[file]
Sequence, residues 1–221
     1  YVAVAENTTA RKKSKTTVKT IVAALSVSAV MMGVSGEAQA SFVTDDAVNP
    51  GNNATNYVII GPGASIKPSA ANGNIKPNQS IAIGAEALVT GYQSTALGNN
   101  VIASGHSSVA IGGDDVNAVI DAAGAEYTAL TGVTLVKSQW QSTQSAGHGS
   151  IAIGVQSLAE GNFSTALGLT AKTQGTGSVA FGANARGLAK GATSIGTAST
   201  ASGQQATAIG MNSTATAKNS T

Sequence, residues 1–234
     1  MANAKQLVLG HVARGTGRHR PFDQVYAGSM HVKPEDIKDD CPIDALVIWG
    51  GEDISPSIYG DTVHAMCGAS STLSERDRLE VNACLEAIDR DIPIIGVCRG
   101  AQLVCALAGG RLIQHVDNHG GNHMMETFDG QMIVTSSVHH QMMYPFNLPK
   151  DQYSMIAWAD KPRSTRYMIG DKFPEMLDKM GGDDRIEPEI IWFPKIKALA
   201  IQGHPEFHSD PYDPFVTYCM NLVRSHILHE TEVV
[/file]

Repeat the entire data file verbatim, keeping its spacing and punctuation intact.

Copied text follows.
Sequence, residues 1–221
     1  YVAVAENTTA RKKSKTTVKT IVAALSVSAV MMGVSGEAQA SFVTDDAVNP
    51  GNNATNYVII GPGASIKPSA ANGNIKPNQS IAIGAEALVT GYQSTALGNN
   101  VIASGHSSVA IGGDDVNAVI DAAGAEYTAL TGVTLVKSQW QSTQSAGHGS
   151  IAIGVQSLAE GNFSTALGLT AKTQGTGSVA FGANARGLAK GATSIGTAST
   201  ASGQQATAIG MNSTATAKNS T

Sequence, residues 1–234
     1  MANAKQLVLG HVARGTGRHR PFDQVYAGSM HVKPEDIKDD CPIDALVIWG
    51  GEDISPSIYG DTVHAMCGAS STLSERDRLE VNACLEAIDR DIPIIGVCRG
   101  AQLVCALAGG RLIQHVDNHG GNHMMETFDG QMIVTSSVHH QMMYPFNLPK
   151  DQYSMIAWAD KPRSTRYMIG DKFPEMLDKM GGDDRIEPEI IWFPKIKALA
   201  IQGHPEFHSD PYDPFVTYCM NLVRSHILHE TEVV